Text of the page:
upon. Furthermore, it was maintained that, since all other countries but
Russia had taken a wrong turn and fallen into decadence and libertinism, it
was Russia's mission to bring the world back into the paths of rectitude
and virtue by extending the influence of her peculiar culture - and in
particular again, of course, its special manifestations, autocracy
and bureaucracy - as widely as possible. A variant of Slavophilism is
Panslavism, which works for the day when all members of one great Slav race
will be united in one nation, presumably under the Russian crown. Both
these movements are examples of that nationalism run mad to which reference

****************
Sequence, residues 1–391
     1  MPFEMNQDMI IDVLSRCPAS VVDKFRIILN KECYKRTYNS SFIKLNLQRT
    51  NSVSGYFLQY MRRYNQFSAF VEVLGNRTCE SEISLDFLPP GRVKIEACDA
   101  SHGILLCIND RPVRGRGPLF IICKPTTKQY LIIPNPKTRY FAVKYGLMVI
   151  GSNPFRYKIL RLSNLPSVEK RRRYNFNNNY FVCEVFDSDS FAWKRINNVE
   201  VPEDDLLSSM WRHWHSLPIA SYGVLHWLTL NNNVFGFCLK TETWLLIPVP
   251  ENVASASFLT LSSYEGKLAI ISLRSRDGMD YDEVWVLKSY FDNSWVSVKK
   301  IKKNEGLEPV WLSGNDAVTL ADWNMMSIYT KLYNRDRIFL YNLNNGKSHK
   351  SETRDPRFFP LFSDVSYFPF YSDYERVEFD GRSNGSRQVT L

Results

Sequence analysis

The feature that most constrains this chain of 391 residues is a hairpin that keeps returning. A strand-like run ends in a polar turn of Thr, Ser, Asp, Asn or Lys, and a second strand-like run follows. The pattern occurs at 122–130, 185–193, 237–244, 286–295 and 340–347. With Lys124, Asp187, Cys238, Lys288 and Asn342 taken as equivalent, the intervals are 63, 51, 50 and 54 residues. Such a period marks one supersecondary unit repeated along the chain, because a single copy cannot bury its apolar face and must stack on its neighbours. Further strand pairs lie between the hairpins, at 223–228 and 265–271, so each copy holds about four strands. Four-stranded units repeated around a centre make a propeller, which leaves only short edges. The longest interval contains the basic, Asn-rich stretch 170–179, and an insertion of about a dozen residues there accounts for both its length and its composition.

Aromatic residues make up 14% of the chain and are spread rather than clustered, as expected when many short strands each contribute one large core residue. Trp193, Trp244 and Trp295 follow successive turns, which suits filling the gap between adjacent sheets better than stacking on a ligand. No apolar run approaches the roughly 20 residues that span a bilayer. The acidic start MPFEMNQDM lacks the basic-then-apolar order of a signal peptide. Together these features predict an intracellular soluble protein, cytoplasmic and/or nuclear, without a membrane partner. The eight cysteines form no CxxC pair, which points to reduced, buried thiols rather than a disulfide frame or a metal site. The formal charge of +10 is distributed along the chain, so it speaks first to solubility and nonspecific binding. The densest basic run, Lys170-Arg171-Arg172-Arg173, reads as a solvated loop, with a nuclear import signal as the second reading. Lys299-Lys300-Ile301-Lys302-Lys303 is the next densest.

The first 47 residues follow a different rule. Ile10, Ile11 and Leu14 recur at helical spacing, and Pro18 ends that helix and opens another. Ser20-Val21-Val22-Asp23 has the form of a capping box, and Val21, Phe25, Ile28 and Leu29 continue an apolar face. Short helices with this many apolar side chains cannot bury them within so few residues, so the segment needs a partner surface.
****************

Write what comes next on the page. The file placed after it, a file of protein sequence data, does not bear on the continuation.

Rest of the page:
has been made in the second chapter.[1] But the Slavophils, who are of
course ardent supporters of the Orthodox Church, were faced at the outset
with a great difficulty; the western provinces of Russia, from the Arctic
to the Black Sea, contained masses of population which were neither Russian
nor Orthodox. The Finns in the north were Lutherans; the Poles in the
centre, though Slavs, were Roman Catholic in religion and anti-Russian in
sentiment; and the Jews in the centre and south were - Jews. The first
step, therefore, towards the Slavophil goal was the "Russification" of the
subject peoples of Russia. In theory "Russification" means conferring the
benefits of Russian customs, speech, and culture upon those who do not
already possess them; in practice it amounts to the suppression of local
liberties and traditions.

[Footnote 1: See p. 57.]

It is obvious that it is no easier to make a Jew into a Russian by force
than to change the skin of the proverbial Ethiopian; nor is it likely that